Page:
Winston goes for the non-Asian youth vote – no, really

The quality of life in New Zealand is being eroded and young Kiwis are the ones bearing much of the brunt.

Inequality exacerbated by the inexorable rise of house prices, especially in Auckland, is continuing to grow.

The dream of every young New Zealander – home ownership and a decent job – is becoming more and more elusive and difficult.

Many are scratching by in casual and part-time jobs when full-time jobs are what they need.

They are locked in a competition for both jobs and housing – not just against fellow Kiwis – but also against recently arrived immigrants.

Immigration is running at 100 year highs fuelling a house market that is already over-heated by foreign investors and a pitiful response by the government to supply.

A quarter of a million people are coming in on visas each year eager to secure a job. With migrants, many are heavily in debt and desperate for money.

They will accept any work conditions here knowing that back in their home countries loan sharks are holding their families over the barrel.

Just to give you an idea of what is happening, a University of Auckland study found one in five people on work visas are paid below the minimum wage and are not paid for many hours they work.

National created this circus by extending work hours for foreign students.

Instead of bringing foreign money, their Export Education sector is actually debt-financed migration.

So now we have a society in which the younger generation are shut out of home ownership and jobs.

To this, the government turns a blind eye. The ministers shrug and walk away confident that ‘comfortable NZ’, the ones with property wealth will turn up at the polling booths and keep them in power.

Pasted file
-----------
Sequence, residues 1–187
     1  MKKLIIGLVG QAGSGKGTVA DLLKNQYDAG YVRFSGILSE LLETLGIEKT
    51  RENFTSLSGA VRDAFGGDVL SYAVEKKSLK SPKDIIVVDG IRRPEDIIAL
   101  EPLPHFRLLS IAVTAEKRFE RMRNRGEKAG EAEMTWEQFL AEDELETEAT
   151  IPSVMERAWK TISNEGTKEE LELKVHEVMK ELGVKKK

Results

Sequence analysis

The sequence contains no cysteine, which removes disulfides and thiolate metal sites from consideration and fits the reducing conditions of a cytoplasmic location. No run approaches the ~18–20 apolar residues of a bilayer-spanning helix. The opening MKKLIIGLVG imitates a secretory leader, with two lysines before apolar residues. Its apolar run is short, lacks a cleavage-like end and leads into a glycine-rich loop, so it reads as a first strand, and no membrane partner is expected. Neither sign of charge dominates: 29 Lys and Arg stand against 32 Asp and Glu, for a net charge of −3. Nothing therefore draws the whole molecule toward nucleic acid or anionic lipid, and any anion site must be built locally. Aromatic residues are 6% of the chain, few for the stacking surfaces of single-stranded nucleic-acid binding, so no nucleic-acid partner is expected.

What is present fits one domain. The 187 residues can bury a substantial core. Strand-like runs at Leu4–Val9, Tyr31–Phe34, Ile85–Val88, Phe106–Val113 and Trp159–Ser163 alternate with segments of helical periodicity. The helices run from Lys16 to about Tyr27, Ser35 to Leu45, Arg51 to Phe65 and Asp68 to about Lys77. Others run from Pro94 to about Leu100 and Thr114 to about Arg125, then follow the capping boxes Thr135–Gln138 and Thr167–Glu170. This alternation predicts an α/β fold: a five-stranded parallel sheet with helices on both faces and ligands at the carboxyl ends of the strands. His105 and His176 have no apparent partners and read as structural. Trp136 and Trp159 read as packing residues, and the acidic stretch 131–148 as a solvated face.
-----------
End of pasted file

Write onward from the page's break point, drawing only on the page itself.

Meanwhile, those missing out need to be inspired to vote; to prod the government out of their apathy towards their interests.

If young people do not stand up, speak out, vote, our society will continue this depressing march down the road to even greater inequality.

I agree with Winston on one thing: unrestrained immigration isn’t good for the country. We have to be a little bit more discerning as to who we allow to come here and why.


– Winston Peters, via RadioLive

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As much at home writing editorials as being the subject of them, Cam has won awards, including the Canon Media Award for his work on the Len Brown/Bevan Chuang story. When he’s not creating the news, he tends to be in it, with protagonists using the courts, media and social media to deliver financial as well as death threats.

They say that news is something that someone, somewhere, wants kept quiet. Cam Slater doesn’t do quiet and, as a result, he is a polarising, controversial but highly effective journalist who takes no prisoners.

He is fearless in his pursuit of a story.

Love him or loathe him, you can’t ignore him.

To read Cam’s previous articles click on his name in blue.